It feels like watching a movie and knowing something the characters don't; is this what separates an album from an experience? Does that feeling the record leaves long after it ends prove to us that Gambino is rising into the ranks of today's independent hip-hop stardom? I was disappointed when Glover dropped the strings from Camp. I thoroughly missed the punchlines throughout Royalty, and when it was confirmed that this album would be titled Because the Internet, I was (unfortunately) close to writing the record off. But none of that matters now, because this longing to press play again has to count for something.

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This review is a user submitted review from Vance Mook. You can see all of Vance Mook's submitted reviews here.
 
Displaying posts 1 - 10 of 10
08:47 AM on 12/30/13
#2
texan4lif281
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Great review, I was wondering when I was going to see one on here.
10:10 AM on 12/30/13
#3
Vance Mook
Fastest Kid in School
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Great review, I was wondering when I was going to see one on here.

Thanks! I didn't see one go up after the week of release, and I wanted to review it for my blog, so I figured it might be a good one to post (he's gained quite a bit of attention for this record). I just know there's a lot of mixed opinions, so hopefully nobody feels my writing is hyperbolic.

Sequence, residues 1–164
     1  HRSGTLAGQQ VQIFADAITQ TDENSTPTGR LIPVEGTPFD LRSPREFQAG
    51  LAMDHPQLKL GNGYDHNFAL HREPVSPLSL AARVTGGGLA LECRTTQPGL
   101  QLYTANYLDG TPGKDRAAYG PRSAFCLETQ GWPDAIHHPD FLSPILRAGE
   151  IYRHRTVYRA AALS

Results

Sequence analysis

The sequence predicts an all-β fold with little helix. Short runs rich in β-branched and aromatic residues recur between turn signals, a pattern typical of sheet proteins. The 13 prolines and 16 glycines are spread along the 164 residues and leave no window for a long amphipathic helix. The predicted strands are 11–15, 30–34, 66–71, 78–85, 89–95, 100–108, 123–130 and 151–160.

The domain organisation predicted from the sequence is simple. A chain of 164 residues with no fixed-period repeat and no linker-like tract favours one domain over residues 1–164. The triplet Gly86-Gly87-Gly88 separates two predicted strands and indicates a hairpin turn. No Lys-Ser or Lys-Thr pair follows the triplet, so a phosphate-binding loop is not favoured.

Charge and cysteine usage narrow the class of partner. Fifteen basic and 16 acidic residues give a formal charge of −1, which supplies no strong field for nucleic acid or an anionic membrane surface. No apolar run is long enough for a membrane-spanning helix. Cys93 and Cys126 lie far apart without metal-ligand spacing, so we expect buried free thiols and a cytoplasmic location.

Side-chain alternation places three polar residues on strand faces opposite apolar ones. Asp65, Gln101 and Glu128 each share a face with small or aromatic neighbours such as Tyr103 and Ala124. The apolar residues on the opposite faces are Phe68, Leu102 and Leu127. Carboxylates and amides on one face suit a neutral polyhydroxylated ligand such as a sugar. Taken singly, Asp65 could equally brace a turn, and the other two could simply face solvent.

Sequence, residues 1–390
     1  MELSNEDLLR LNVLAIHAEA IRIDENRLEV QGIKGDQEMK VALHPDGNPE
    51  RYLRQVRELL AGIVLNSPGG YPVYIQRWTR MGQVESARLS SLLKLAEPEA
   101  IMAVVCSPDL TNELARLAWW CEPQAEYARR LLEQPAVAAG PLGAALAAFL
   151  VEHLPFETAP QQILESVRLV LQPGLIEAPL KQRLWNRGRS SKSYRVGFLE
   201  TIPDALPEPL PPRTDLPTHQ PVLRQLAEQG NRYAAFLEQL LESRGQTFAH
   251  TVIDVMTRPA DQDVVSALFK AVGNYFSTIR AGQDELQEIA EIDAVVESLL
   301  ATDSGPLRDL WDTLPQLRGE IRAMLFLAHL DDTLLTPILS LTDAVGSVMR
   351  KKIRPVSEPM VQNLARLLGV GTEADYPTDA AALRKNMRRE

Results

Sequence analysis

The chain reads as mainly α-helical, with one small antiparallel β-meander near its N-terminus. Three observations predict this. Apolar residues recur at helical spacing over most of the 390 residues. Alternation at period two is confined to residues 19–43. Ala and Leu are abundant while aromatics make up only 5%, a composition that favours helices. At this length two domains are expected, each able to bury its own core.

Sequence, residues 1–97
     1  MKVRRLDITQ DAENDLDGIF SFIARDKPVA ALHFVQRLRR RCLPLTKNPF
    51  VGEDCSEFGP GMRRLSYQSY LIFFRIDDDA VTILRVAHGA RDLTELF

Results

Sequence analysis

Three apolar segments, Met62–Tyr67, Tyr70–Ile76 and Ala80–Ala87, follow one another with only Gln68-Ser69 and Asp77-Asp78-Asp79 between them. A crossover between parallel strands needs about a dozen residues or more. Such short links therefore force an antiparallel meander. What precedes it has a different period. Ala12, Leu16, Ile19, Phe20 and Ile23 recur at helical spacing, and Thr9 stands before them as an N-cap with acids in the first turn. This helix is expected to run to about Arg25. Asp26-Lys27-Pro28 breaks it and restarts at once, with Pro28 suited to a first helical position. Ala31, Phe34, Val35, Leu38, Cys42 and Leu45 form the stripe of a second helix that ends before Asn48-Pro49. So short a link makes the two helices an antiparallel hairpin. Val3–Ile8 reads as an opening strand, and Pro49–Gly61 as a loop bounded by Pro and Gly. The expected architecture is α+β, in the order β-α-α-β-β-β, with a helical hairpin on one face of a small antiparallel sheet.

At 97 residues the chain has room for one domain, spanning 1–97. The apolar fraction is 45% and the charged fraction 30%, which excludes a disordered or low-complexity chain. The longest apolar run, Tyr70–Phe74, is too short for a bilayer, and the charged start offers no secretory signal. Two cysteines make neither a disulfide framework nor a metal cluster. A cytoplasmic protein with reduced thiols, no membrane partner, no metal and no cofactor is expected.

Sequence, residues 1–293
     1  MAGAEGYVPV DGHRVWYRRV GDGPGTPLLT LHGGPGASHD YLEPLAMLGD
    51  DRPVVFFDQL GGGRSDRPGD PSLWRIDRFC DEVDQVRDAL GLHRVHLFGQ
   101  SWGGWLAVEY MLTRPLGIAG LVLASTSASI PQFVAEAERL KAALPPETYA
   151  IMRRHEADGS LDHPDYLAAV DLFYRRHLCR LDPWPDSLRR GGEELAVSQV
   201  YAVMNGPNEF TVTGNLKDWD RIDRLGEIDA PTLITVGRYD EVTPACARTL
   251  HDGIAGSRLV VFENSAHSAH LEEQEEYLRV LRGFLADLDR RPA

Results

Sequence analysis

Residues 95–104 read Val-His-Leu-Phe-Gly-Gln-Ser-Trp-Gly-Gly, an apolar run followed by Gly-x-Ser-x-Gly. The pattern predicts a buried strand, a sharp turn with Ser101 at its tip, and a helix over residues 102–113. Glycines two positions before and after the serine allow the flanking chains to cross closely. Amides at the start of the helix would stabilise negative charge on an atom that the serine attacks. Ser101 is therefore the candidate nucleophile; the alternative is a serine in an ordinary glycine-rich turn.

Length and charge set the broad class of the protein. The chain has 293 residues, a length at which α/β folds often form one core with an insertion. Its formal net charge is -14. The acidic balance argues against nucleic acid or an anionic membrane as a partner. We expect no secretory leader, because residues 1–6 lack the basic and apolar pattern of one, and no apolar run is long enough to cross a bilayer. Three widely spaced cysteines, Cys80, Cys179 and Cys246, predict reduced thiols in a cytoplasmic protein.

01:40 PM on 12/30/13
#4
texan4lif281
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Thanks! I didn't see one go up after the week of release, and I wanted to review it for my blog, so I figured it might be a good one to post (he's gained quite a bit of attention for this record). I just know there's a lot of mixed opinions, so hopefully nobody feels my writing is hyperbolic.
I don' t think so personally.
12:29 PM on 12/31/13
#5
Zac Djamoos
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Again, nice review Mook. Album dropped off hard for me after a few listens.
03:17 PM on 12/31/13
#6
Vance Mook
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Again, nice review Mook. Album dropped off hard for me after a few listens.

Thanks duder. Yeah, I'm not sure if it will necessarily ever surpass Camp or EP for me, but I think it shows a fantastic amount of progression and does a pretty great job of setting itself apart from previous releases or even other hip-hop artists, really. But hey, that's the beauty of music being subjective, yeah? At least we' don't disagree over Falling in Reverse...

#FIN4LYFE
12:11 PM on 01/01/14
#7
Zac Djamoos
fantasizing the sight of manhattan
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Thanks duder. Yeah, I'm not sure if it will necessarily ever surpass Camp or EP for me, but I think it shows a fantastic amount of progression and does a pretty great job of setting itself apart from previous releases or even other hip-hop artists, really. But hey, that's the beauty of music being subjective, yeah? At least we' don't disagree over Falling in Reverse...